Time to come home! It’s the British Grand Prix!
Silverstone is the spiritual home of British motorsport, and 52 laps around this historic circuit awaited. Once the fastest track on the calendar, Silverstone has been amended on a number of occasions, changing the dynamic of the track, but several super-fast, challenging and rewarding sections of track remain.
Of particular interest are the sweeping curves of Maggots and Becketts, a rapid series of jinks to the right and left that can easily lead you off-balance heading into the Hangar Straight. Get it right and you’re going to be very quick, and you can carry a fair bit of that speed through Stowe and Vale.
A more thorough take on the lap is that once the fuel load eases you can hit a fair number of sections virtually flat out. Turn 1 (Abbey) and Copse (where Hamilton and Verstappen tangled in the 2021 British Grand Prix) are fast, sweeping corners that you can take at speed, if you’re feeling brave. The section through Brooklands and Luffield is fun. So for that matter are the last couple of corners. In short, there is a reason Silverstone is one of the most popular tracks among the drivers, and I understand that better after this latest race.
My previous experiences on F1 games at Silverstone have been mixed. On F1 2009, a game I which I mastered enough to turn virtually all the assists off, I could not master Silverstone. Granted, that was an old configuration of the circuit, but I could not handle the Maggots/Becketts section, and generally did not get to grips with the course. On F1 2021 I fared a lot better. Practice went very well and qualifying saw me into Q3 on the mediums rather than softs, which (like the frontrunners) granted me the best strategy. I was surprised by my team recommending a short stint on the mediums and a longer stint on the softs, so I decided to override their idea and set up a long run on the mediums, giving me fresher, better tyres than my rivals when I finally stopped.
I started P6 (I could have sworn it was P7), had my usual slow getaway, and recovered to P7 early on. I could not catch the Ferrari of Leclerc but held the faster, soft-booted Carlos Sainz in the other Ferrari at bay, until the car began to respond better as fuel loads lightened, and his tyres began to lose performance. I also managed to remain a few seconds off Leclerc, who was battling with Perez, and P7 became P6 when Lando Norris’ McLaren suffered some form of car trouble and he pulled off the road to retire. As the leaders pitted (in my view far too early), I stayed out, assumed the lead of the race, and tried to pump in some reasonable lap times.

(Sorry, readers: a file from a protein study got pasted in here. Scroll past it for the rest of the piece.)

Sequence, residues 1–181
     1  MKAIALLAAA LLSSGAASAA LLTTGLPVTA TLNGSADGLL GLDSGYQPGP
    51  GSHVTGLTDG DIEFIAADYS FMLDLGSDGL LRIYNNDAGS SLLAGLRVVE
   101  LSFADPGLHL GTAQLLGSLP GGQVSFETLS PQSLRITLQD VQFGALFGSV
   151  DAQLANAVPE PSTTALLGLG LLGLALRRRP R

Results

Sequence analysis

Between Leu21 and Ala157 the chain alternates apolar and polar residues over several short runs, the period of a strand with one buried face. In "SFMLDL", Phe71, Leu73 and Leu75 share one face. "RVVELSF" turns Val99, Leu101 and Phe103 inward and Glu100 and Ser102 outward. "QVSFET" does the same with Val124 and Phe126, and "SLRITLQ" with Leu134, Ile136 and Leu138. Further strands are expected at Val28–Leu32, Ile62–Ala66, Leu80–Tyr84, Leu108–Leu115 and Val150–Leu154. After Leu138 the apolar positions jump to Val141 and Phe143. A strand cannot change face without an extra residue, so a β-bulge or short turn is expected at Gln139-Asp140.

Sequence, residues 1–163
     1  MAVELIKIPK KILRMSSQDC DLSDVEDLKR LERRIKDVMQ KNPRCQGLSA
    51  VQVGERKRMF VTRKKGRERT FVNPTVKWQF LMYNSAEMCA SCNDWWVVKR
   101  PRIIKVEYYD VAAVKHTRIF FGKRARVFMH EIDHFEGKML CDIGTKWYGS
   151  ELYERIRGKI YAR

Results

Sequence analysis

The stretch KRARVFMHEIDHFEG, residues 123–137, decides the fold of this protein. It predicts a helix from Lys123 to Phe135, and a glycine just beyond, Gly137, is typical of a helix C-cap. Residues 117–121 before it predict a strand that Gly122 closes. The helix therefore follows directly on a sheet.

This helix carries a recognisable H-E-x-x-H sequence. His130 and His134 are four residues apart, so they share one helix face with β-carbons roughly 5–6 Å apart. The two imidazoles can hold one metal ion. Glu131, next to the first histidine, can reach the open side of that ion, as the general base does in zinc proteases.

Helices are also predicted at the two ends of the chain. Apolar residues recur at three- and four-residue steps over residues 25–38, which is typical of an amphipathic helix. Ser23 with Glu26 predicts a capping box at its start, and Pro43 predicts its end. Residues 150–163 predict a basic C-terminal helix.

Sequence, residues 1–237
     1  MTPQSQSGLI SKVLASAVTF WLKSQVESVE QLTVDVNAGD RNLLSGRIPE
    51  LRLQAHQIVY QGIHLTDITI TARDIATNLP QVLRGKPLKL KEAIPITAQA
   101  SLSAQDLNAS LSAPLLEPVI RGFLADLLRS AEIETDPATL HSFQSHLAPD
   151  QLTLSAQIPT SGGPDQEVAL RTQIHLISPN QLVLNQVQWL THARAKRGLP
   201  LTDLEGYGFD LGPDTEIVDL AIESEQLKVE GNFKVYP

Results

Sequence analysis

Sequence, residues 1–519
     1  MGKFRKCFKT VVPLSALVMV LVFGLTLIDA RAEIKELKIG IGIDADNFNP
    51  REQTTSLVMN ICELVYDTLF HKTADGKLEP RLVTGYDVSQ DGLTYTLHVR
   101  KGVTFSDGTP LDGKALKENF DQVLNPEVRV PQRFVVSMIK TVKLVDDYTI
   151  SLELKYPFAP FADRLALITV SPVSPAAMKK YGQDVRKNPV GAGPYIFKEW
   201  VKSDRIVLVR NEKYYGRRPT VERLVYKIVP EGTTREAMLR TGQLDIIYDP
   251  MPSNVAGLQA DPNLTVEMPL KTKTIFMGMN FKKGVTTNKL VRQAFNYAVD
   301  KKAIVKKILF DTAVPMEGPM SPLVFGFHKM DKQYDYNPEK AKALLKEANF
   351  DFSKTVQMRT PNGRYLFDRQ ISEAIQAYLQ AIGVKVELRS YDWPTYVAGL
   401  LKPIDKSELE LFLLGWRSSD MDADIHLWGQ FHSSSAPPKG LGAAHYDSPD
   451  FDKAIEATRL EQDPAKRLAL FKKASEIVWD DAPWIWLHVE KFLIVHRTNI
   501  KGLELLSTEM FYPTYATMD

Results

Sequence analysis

My perseverance paid off, but not without a price. The leaders (Hamilton, Bottas and Verstappen) all had soft tyres, and they soon caught up to me. I am not one to usually let cars pass me, so I put up a fight with Hamilton, and his (in my view) unwillingness to back off led to him going into a spin and losing the lead of the race. He (had this been real) might have argued I shut the door too abruptly, but trying to go up the inside of Brooklands (I think) whilst I held the racing line was not a great move, and on the on-board replay he didn’t try to turn all that much. A short time later Bottas in the other Mercedes was on my tail, and though I forced him into some theatrical moves, he got by me, and then I got tipped into a little wobble when I tried to fight back.
Once on soft tyres I realised I was up to P5, ahead of Leclerc, and what was better was that my tyres were fresh. I was some 11 seconds behind Perez with 18 laps to go, and I tried to chase him down. In the end I pulled a comfortable gap to Leclerc but the Red Bull remained tantalisingly out of reach, some 4 seconds down the road. Still, 5th was hardly a bad result, for it meant yet another consecutive points finish. Things were ticking along nicely.
The title fight ended up going still further in Bottas’ favour, quite possibly because of Hamilton’s incident with me. His lead grew yet again, and it was starting to appear as though no one could stop him…